Plant Something.

It seems a simple request. It doesn’t matter what you plant, just get out there and do it. You and the world will be better for it.

That is the idea behind the national Plant Something marketing program, just started locally by the Maine Landscape and Nursery Association (MELNA) and financed by a grant from the U.S. Department of Agriculture.

“This is a program that says it is not about what you plant, whether it’s a 3-inch herb plant or something like trees and shrubs,” said Jake Pierson, MELNA president. “It’s about the general gardener and consumer getting outside, getting dirty and getting involved in plants and the yard.”

The Plant Something program first sprouted in Arizona, Pierson said, and has spread to about 30 other states. The start-up money comes from USDA specialty crop grants, with ornamental horticulture being considered a specialty crop.

Pierson said the plan is to make Plant Something self-supporting, but that for the next few years the association will seek grants to keep the program running.


Gardening is something that families can do together and that benefits everyone, Tom Estabrook, chairman of the Plant Something committee, said.

“I think (the horticulture industry) missed a whole generation of gardeners, to be honest with you,” he said. “We want to engage that generation, have them plant their first vegetable garden with their kids and create a more sustainable home life.”

The website lists a number of reasons to get involved in gardening. For me, the most important one is improved health – both physical and mental. When I had a full-time job and spent most of my days at a computer, I craved the time doing even the most menial garden tasks, from weeding to picking raspberries. I got to stretch my muscles while letting the stress of the workplace evaporate.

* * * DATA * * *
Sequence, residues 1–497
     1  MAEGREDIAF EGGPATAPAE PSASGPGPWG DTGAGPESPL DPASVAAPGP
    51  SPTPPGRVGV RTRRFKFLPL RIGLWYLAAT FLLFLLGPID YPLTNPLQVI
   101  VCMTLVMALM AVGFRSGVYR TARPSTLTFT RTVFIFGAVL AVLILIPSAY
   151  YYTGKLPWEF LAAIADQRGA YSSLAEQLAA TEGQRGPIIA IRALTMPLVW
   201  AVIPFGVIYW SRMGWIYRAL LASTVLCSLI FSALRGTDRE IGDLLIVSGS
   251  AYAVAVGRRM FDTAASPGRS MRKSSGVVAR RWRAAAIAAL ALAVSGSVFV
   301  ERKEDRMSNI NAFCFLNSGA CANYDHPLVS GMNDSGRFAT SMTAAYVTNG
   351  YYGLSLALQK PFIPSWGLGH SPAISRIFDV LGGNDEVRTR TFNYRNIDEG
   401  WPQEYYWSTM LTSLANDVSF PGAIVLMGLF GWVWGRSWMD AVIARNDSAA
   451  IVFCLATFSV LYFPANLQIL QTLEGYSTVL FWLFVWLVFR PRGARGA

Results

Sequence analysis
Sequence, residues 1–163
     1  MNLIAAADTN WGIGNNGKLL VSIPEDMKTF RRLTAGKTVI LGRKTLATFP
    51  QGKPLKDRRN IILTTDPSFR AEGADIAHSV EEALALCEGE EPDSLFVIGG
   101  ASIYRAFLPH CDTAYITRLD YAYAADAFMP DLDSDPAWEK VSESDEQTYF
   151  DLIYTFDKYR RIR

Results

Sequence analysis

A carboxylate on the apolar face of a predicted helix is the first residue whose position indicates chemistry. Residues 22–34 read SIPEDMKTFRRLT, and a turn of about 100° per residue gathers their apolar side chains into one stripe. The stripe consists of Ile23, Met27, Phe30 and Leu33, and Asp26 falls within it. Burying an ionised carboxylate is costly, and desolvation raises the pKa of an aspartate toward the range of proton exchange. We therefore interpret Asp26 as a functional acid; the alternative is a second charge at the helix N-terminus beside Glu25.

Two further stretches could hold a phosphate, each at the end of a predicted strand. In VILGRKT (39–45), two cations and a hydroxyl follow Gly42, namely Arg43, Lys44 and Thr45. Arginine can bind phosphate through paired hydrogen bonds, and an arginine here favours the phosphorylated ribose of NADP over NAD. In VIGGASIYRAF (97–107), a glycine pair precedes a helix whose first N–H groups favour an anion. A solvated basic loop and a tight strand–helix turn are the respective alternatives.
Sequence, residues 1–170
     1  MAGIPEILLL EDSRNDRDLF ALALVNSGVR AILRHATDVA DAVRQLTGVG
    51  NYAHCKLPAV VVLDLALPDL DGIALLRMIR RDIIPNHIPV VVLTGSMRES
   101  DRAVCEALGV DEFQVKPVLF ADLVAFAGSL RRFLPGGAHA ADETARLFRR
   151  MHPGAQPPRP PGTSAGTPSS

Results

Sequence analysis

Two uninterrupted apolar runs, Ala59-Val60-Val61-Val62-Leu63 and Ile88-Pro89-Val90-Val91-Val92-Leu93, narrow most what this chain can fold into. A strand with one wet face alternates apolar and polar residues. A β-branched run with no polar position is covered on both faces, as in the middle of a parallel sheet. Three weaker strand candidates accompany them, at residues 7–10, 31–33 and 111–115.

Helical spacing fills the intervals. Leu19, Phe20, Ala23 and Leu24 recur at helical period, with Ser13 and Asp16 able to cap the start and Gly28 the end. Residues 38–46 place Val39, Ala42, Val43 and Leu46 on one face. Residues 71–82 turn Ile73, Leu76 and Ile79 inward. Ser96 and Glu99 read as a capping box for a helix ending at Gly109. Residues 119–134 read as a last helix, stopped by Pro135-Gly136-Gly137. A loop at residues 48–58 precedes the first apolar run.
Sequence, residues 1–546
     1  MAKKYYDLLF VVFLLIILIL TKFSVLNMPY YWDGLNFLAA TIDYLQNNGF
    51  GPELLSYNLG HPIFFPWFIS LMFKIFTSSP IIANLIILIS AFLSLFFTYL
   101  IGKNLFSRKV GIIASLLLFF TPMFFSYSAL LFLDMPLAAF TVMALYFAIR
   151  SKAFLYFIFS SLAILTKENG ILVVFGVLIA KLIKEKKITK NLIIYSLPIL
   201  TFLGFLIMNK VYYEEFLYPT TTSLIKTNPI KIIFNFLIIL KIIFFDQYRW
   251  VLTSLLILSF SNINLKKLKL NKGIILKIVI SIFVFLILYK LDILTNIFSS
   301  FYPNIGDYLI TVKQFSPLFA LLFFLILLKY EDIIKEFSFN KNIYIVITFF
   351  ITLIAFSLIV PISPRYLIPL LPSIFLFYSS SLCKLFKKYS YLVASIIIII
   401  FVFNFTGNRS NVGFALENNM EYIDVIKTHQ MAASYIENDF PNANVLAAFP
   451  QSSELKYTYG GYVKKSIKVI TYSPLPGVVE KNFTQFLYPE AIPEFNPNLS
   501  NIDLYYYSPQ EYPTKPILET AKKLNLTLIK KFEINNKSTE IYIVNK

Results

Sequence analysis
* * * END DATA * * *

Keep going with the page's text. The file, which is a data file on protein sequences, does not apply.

Other benefits of planting, according to the website, include increasing the value of property by as much as 15 percent; improving the environment by reducing carbon dioxide in the air; providing food and habitat for native wildlife; slowing runoff; and benefiting the local community by shopping locally for plants (although that last one is a stretch – you could always buy other local products, whether you garden or not).

The website also offers the basics about starting a garden and what to plant, often through links to established garden sites such as the University of Maine Cooperative Extension for general gardening information, the Garden Club Federation of Maine for garden tours and club plant sales and the Wild Seed Project for information about native plants.

Maine Landscape and Nursery Association officials also hope to encourage people to visit nurseries and garden centers, so are scheduling events around the state between May 13 and 15.


“The hope is that the Plant Something weekend will become something big like Maine Maple Sunday, a yearly thing,” Pierson said.

Estabrook is chairman of the Plant Something committee that is coordinating the events, but he said many members – including him at his nurseries in Yarmouth and Kennebunk – are putting ideas together at the last minute. As much as possible given that, the website will list events, according to Valerie Geredien, who is coordinating marketing for Plant Something.

As of late April, listed events included early a talk on planting in the vegetable garden at Springvale Nurseries; a how-to-plant demonstration at Allen, Sterling & Lothrop in Falmouth; a native plant display at O’Donal’s in Gorham; a North Spore demonstration of growing mushrooms at Broadway Gardens in South Portland; and Pumpkin Seedling Sunday at Pinkham’s Plantation in Damariscotta.

As always, the nurseries will have their plants ready for public viewing and expert staff ready to answer your questions – and that personal attention is often better than any organized event.

I don’t actually need much encouragement to Plant Something. Right now that “something” will probably be a magnolia. We have two star magnolias, both white, and I have been lusting for a pink or yellow saucer magnolia. Expect to find me at a nursery looking for one.

Tom Atwell has been writing the Maine Gardener column since 2004. He can be contacted at 767-2297 or at

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